It is clear that extreme heat days are dangerous for adults and can lead to excessive mortality, especially in vulnerable populations such as the elderly. When temperatures soar, people can become seriously ill or die if they cannot sweat and cool down effectively. This can lead to an increase in internal body temperature.
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In addition to heat-related illnesses such as heat stroke or heat exhaustion, adults can also develop cardiovascular and respiratory disorders. Last summer, a New York Times analysis found that the deadly heatwave in the Pacific Northwest left 600 more dead than usual.
“We know that because of climate change, we know that because of climate change, days with extreme heat would be more frequent and intense, and did not participate in the new study. “The extent to which children are vulnerable to climate change risks should be prioritized by scientists.”
One important reason to study children is because of the potential for lifelong influence. Dr Dominici said: “The question is, which of these hot-day illnesses is completely curable with proper intervention and can create chronic disease later in life. , is a very open research question.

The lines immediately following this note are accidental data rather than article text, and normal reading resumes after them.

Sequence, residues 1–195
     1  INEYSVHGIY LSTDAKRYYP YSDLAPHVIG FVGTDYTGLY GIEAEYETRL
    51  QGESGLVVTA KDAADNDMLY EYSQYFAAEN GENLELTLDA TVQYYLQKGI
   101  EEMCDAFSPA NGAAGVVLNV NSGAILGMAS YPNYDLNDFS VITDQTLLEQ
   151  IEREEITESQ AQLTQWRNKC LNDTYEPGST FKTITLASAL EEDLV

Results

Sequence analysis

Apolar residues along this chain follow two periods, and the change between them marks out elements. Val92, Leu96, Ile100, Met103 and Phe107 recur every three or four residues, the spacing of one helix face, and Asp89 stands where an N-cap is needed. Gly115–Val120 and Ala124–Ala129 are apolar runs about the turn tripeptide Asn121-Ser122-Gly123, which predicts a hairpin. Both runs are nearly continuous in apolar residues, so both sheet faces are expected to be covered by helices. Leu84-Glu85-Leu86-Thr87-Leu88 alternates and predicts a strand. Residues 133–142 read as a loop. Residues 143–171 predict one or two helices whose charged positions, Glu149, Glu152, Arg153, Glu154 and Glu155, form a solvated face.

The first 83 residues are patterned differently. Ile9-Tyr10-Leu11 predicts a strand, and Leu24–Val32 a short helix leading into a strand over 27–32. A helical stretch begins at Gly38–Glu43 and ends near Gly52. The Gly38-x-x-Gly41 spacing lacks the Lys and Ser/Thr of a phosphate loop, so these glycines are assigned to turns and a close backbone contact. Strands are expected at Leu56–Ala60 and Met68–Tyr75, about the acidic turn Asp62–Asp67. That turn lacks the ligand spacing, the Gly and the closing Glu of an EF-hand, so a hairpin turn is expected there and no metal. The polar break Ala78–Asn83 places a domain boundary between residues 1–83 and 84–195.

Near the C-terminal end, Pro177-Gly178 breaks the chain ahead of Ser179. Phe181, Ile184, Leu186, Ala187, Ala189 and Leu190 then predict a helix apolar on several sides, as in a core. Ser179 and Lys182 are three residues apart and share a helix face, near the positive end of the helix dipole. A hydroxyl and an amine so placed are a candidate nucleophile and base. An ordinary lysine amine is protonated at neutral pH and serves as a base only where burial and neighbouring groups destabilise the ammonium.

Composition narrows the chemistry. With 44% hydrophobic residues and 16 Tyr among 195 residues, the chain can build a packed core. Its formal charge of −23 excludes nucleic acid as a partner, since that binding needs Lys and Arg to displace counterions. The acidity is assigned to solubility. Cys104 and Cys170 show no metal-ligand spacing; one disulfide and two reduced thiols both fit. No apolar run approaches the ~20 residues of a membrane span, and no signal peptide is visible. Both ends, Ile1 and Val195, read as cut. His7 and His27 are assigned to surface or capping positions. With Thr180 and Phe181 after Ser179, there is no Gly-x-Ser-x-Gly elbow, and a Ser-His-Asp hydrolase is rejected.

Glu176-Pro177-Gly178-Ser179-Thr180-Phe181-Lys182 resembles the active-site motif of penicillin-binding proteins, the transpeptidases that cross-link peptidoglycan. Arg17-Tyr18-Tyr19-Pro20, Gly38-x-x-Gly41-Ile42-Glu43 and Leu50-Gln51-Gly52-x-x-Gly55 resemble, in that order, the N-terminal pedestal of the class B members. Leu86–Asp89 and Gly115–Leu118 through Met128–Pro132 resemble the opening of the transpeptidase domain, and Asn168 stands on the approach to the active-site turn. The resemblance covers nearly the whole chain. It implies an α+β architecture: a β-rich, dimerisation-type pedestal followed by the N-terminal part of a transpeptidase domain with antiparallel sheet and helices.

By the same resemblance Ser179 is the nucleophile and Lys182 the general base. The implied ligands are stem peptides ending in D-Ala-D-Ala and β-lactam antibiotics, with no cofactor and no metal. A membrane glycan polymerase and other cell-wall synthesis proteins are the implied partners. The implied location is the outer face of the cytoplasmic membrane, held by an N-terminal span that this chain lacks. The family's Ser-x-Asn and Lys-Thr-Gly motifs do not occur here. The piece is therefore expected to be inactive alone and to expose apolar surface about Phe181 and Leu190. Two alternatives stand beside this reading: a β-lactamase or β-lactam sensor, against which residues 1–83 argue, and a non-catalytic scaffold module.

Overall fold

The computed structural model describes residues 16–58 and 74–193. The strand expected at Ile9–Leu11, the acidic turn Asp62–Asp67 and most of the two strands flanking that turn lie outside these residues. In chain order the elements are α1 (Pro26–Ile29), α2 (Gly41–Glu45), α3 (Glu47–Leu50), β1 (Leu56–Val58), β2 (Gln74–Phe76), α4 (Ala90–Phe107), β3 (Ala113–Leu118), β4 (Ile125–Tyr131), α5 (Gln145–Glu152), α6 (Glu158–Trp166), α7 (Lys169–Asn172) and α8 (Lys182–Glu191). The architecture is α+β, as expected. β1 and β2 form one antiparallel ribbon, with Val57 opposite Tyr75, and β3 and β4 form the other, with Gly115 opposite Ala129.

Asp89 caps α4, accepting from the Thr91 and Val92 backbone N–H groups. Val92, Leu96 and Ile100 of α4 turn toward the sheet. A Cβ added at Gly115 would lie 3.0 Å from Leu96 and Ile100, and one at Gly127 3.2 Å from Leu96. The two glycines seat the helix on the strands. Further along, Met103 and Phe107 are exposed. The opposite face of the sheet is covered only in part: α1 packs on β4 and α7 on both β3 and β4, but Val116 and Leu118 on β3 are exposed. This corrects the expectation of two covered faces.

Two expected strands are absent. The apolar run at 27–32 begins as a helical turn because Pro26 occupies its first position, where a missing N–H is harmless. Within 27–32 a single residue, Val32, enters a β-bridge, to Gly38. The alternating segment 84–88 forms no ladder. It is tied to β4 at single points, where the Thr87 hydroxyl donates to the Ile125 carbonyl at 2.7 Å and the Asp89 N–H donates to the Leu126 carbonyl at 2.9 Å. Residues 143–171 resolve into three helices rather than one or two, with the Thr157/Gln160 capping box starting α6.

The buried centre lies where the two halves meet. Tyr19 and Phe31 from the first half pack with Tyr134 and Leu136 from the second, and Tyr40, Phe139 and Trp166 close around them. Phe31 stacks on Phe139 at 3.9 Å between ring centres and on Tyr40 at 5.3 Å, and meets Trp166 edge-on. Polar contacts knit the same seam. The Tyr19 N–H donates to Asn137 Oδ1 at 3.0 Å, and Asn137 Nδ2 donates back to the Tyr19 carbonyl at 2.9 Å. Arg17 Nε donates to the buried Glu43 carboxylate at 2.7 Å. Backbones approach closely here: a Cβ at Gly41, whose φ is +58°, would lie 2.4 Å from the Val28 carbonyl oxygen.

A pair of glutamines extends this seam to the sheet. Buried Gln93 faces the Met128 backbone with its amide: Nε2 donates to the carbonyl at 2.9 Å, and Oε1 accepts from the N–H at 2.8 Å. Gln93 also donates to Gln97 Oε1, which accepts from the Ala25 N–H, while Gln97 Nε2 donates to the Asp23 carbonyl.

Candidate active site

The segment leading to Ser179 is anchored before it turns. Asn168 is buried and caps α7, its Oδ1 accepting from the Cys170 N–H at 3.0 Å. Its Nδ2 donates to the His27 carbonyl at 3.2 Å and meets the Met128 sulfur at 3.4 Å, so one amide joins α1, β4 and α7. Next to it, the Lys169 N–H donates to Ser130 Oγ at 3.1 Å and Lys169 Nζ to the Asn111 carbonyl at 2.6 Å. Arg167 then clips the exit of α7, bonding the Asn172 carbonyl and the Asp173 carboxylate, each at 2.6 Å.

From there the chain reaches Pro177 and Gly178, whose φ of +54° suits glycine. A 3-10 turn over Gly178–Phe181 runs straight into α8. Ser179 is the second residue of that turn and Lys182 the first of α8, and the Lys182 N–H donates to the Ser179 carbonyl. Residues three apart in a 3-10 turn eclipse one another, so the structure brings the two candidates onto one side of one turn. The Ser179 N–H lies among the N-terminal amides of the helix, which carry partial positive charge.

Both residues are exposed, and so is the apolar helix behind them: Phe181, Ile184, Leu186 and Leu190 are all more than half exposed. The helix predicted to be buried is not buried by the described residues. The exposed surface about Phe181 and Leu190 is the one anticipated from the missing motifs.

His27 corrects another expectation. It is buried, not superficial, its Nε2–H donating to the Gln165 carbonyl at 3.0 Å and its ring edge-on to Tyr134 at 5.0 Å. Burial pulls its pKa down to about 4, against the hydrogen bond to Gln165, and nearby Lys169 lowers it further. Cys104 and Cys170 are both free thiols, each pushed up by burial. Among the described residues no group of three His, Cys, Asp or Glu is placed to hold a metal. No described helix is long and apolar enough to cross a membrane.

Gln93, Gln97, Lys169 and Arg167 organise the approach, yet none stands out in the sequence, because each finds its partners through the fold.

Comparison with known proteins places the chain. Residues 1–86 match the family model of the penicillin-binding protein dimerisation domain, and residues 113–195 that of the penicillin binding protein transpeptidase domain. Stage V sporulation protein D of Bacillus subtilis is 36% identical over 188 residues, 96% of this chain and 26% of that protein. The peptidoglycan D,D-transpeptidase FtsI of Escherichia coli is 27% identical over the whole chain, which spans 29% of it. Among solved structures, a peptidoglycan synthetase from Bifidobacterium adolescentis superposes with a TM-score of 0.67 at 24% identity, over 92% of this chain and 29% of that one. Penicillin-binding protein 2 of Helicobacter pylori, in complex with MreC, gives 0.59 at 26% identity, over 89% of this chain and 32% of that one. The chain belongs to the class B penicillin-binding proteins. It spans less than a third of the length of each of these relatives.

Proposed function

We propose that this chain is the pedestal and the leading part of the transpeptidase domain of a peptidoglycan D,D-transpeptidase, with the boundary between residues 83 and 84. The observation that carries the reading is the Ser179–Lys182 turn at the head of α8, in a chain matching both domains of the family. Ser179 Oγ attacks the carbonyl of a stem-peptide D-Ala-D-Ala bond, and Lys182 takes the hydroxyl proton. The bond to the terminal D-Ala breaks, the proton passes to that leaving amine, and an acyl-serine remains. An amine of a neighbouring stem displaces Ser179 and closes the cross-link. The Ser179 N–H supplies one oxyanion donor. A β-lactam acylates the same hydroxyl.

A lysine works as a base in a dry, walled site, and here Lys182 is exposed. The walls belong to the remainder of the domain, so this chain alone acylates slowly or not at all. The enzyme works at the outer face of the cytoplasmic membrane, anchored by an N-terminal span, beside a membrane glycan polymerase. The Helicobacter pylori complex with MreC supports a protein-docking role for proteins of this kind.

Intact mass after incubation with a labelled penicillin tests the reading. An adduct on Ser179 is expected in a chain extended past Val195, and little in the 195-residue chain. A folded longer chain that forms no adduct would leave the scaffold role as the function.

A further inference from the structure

Dr Dominici added that this study could make clinicians and parents more aware of the extent to which the disorder affects children when temperatures are higher. “If we knew what diseases could be aggravated these days in children, we could prevent these diseases or when children visit knowledgeable ED clinicians about what going on.”
Dr Bernstein said the study highlights inequalities in child health care. For example, although a quarter of bacterial intestinal infections are caused by heat, that proportion is significantly higher for non-white children and those who rely on public health insurance such as: Medicaid. The data, which does not include children’s visits to community hospitals or primary care appointments, reiterates that “children who do not receive good care are more likely to have to use the emergency department,” he said.
“It is one thing when we see these inequalities manifest in people late in life,” says Dr. Bernstein. But for a child, “we basically put them in a different direction for the rest of their lives.”
https://www.nytimes.com/2022/01/19/climate/children-climate-change.html New research shows how health risks to children increase as temperatures rise